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Regular Expressions Cookbook, 2nd Edition by Steven Levithan, Jan Goyvaerts

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4.19. Validate Password Complexity

Problem

You’re tasked with ensuring that any passwords chosen by your website users meet your organization’s minimum complexity requirements.

Solution

The following regular expressions check many individual conditions, and can be mixed and matched as necessary to meet your business requirements. At the end of this section, we’ve included several JavaScript code examples that show how you can tie these regular expressions together as part of a password security validation routine.

Length between 8 and 32 characters

^.{8,32}$
Regex options: Dot matches line breaks (“^ and $ match at line breaks” must not be set)
Regex flavors: .NET, Java, XRegExp, PCRE, Perl, Python, Ruby

Standard JavaScript doesn’t have a “dot matches line breaks” option. Use [\s\S] instead of a dot in JavaScript to ensure that the regex works correctly even for crazy passwords that include line breaks:

^[\s\S]{8,32}$
Regex options: None (“^ and $ match at line breaks” must not be set)
Regex flavors: .NET, Java, JavaScript, PCRE, Perl, Python, Ruby

ASCII visible and space characters only

If this next regex matches a password, you can be sure it includes only the characters AZ, az, 09, space, and ASCII punctuation. No control characters, line breaks, or characters outside of the ASCII table are allowed:

^[\x20-\x7E]+$
Regex options: None (“^ and $ match at line breaks” must not be set)
Regex flavors: .NET, Java, JavaScript, PCRE, Perl, Python, Ruby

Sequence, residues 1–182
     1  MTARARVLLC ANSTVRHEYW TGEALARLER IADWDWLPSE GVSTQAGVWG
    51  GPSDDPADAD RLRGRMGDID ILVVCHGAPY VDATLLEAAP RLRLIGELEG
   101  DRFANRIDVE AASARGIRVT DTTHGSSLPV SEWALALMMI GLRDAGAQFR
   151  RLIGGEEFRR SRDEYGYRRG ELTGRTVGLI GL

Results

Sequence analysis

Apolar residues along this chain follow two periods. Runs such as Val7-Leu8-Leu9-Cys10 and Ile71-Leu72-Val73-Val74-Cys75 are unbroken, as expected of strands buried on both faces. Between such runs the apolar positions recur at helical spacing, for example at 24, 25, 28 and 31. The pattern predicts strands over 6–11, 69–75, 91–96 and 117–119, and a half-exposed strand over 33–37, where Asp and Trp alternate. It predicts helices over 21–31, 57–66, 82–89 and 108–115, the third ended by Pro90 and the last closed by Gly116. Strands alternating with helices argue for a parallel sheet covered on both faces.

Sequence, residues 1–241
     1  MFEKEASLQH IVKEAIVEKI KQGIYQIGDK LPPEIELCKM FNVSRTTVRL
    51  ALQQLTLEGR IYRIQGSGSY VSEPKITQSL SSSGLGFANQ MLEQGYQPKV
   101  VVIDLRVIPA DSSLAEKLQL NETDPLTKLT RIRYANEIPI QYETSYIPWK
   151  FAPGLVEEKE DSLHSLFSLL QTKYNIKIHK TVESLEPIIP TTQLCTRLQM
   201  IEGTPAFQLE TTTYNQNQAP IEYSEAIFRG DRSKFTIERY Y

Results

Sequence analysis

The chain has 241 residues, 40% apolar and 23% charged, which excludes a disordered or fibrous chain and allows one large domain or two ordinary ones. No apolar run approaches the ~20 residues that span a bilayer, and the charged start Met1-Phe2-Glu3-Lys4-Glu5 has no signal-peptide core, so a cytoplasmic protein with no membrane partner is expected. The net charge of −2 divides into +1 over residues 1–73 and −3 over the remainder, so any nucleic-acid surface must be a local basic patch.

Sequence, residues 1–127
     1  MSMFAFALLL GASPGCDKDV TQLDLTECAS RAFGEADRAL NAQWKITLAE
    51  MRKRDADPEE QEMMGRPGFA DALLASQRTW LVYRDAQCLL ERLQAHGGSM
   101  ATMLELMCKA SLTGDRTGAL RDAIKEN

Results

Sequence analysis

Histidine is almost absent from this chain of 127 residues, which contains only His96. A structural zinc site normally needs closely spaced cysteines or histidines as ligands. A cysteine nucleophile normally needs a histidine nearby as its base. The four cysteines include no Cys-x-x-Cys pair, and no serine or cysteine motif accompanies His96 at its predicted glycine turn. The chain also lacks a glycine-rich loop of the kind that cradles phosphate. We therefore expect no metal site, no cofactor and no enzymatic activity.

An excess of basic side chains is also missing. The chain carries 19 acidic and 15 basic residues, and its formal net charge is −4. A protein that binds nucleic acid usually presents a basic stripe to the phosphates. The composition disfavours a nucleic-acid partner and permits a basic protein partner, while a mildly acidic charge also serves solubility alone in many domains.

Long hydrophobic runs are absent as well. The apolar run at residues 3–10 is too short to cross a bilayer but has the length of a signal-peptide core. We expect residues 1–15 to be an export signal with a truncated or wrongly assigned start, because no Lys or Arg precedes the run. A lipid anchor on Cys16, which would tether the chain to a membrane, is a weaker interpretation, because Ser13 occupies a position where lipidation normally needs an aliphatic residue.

If you want to additionally prevent the use of spaces, use ^[\x21-\x7E]+$ instead.

One or more uppercase letters

ASCII uppercase letters only:

[A-Z]
Regex options: None (“case insensitive” must not be set)
Regex flavors: .NET, Java, JavaScript, PCRE, Perl, Python, Ruby

Any Unicode uppercase letter:

\p{Lu}
Regex options: None (“case insensitive” must not be set)
Regex flavors: .NET, Java, PCRE, Perl, Ruby 1.9

If you want to check for the presence of any letter character (not limited to uppercase), enable the “case insensitive” option or use [A-Za-z]. For the Unicode case, you can use \p{L}, which matches any kind of letter from any language.

One or more lowercase letters

ASCII lowercase letters only:

[a-z]
Regex options: None (“case insensitive” must not be set)
Regex flavors: .NET, Java, JavaScript, PCRE, Perl, Python, Ruby

Any Unicode lowercase letter:

\p{Ll}
Regex options: None (“case insensitive” must not be set)
Regex flavors: .NET, Java, PCRE, Perl, Ruby 1.9

One or more numbers

[0-9]
Regex options: None
Regex flavors: .NET, Java, JavaScript, PCRE, Perl, Python, Ruby

One or more special characters

ASCII punctuation and spaces only:

[!"#$%&'()*+,\-./:;<=>?@[\\\]^_`{|}~]
Regex options: None
Regex flavors: .NET, Java, JavaScript, PCRE, Perl, Python, Ruby

Anything other than ASCII letters and numbers:

[^A-Za-z0-9]
Regex options: None
Regex flavors: .NET, Java, JavaScript, PCRE, Perl, Python, Ruby

Disallow three or more sequential identical characters

This next regex is intended to rule out passwords like 111111. It works in the opposite way of the others in this recipe. If it matches, the password doesn’t meet the condition. In other words, the regex only matches strings that repeat a character three times in a row.

(.)\1\1
Regex options: Dot matches line breaks
Regex flavors: .NET, Java, XRegExp, PCRE, Perl, Python, Ruby
([\s\S])\1\1
Regex options: None
Regex flavors: .NET, Java, JavaScript, PCRE, Perl, Python, Ruby

Example JavaScript solution, basic

The following code combines five password requirements:

  • Length between 8 and 32 characters.

  • One or more uppercase letters.

  • One or more lowercase letters.

  • One or more numbers.

  • One or more special characters (ASCII punctuation or space characters).

function validate(password) {
    var minMaxLength = /^[\s\S]{8,32}$/,
        upper = /[A-Z]/,
        lower = /[a-z]/,
        number = /[0-9]/,
        special = /[ !"#$%&'()*+,\-./:;<=>?@[\\\]^_`{|}~]/;

    if (minMaxLength.test(password) &&
        upper.test(password) &&
        lower.test(password) &&
        number.test(password) &&
        special.test(password)
    ) {